A fact is a statement that can be proven. For example, the sentence Barack Obama was an Illinois senator before he became U.S. President is a fact.
First-person point of view expresses the writer's personal feelings and experiences directly to the reader using these pronouns: I, me, mine; we, our, us. The first person creates a sense of intimacy between the reader and writer because it expresses a subjective point of view.
A homonym is a word that sounds like another word but has a different meaning. For example, two and to are homonyms.
An inference is a conclusion that can be made from given information.
The narrator in a story is the person who is telling the story. Many stories do not have a narrator. If the passage includes a speaker speaking in the first person (using words like I or me), then that speaker is the narrator.
An opinion is a statement that cannot be proven. For example, Fuji apples are the most delicious types of apples is an opinion.
A paragraph is a group of related sentences together in a story. Some of the passages on the ParaPro Assessment will only have one paragraph. Most will have one or two paragraphs.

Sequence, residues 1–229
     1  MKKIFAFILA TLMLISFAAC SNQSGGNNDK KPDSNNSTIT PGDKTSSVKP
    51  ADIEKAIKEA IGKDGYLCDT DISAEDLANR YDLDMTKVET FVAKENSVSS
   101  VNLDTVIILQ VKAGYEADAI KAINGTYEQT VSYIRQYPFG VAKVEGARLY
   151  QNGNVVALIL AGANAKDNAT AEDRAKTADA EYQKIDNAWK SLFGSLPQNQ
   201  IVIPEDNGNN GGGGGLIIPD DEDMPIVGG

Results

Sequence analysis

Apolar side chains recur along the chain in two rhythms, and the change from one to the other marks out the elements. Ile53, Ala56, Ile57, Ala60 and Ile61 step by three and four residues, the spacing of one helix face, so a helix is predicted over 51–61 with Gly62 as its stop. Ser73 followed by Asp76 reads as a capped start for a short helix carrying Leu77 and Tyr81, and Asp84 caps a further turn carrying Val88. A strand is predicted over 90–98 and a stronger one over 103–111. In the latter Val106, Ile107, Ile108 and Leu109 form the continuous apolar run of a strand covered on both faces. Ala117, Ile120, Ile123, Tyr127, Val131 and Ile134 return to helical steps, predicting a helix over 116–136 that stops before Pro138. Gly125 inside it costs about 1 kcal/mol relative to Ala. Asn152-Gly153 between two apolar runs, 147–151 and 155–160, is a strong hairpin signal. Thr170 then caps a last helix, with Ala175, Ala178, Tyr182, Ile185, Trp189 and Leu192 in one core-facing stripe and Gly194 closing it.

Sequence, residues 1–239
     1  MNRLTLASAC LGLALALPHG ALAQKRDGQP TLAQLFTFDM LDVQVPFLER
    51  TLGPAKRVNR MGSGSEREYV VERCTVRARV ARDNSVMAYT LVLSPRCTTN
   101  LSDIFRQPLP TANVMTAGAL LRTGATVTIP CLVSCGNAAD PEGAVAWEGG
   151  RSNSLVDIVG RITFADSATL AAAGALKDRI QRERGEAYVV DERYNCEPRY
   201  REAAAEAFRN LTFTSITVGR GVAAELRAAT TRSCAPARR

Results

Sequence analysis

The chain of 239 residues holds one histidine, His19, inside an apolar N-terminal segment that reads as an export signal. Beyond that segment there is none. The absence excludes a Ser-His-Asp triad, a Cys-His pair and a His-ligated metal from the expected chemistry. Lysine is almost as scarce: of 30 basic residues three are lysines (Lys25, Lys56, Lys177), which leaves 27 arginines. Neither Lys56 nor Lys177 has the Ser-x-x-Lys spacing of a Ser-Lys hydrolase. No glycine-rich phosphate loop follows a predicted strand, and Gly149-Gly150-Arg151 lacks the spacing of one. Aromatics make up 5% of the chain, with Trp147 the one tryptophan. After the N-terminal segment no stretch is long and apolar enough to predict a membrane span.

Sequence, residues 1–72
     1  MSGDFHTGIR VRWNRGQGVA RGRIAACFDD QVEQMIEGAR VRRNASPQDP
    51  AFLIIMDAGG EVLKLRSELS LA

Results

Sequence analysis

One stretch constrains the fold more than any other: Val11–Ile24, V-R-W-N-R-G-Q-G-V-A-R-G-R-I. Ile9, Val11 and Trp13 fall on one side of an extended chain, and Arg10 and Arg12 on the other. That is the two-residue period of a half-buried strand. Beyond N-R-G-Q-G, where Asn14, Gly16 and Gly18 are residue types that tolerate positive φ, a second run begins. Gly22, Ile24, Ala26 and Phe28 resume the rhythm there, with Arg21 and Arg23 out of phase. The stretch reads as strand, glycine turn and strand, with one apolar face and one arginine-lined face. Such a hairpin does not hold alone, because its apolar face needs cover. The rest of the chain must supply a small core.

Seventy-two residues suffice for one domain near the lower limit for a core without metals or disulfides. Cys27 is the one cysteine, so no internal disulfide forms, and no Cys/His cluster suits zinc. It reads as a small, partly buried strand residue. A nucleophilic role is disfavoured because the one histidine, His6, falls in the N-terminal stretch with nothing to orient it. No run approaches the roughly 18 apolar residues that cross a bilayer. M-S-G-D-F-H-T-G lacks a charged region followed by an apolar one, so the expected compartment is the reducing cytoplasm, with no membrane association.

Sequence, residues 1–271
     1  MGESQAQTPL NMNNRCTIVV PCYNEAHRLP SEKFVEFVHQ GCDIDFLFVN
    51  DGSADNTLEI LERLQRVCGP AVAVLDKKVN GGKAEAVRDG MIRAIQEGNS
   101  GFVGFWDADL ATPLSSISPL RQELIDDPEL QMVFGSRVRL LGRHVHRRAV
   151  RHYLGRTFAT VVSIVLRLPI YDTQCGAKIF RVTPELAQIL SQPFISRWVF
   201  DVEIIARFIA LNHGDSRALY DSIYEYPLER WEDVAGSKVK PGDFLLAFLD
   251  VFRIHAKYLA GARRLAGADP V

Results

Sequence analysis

A prefix is the beginning part of the word that helps identify its meaning. For example, the prefix in the word tripod is tri-, meaning "three." Many words do not have a prefix.
The root of a word is the main part of a word that conveys the word's meaning, without any prefixes or suffixes. For example, the root of disinterested is interest.
Second-person point of view is another personal perspective in which the writer speaks directly to the reader, addressing the reader as you. Writers use the second person to give directions or to make the reader feel directly involved with the argument or action of their message.
A suffix is the ending part of the word that helps identify its meaning. For example, the suffix in the word dogs is -s, meaning that there is more than one dog. Many words do not have a suffix.
A syllable is one sound of a word. For example, the word baseball has two syllables: base- and -ball. Some words with only one sound only have one syllable, such as the words talk and peace.
A synonym is a word that has the same meaning as another word. For example, use and utilize mean essentially the same thing, and are synonyms.
Third-person point of view expresses an impersonal point of view by presenting the perspective of an outsider (a third person) who is not directly involved with the action.
A vowel is a letter of the alphabet that is not a consonant. The vowels are a, e, i, o, u, and y in words like hymn or my. A short vowel sound has a shorter vowel sound like ah, eh, ih or uh in the words lab, egg, big, top, or fun. A long vowel sound has a longer vowel sound like ay, ee, eye, or oh in the words hay, me, bye, or no.
Practice questions for this study guide can be found at: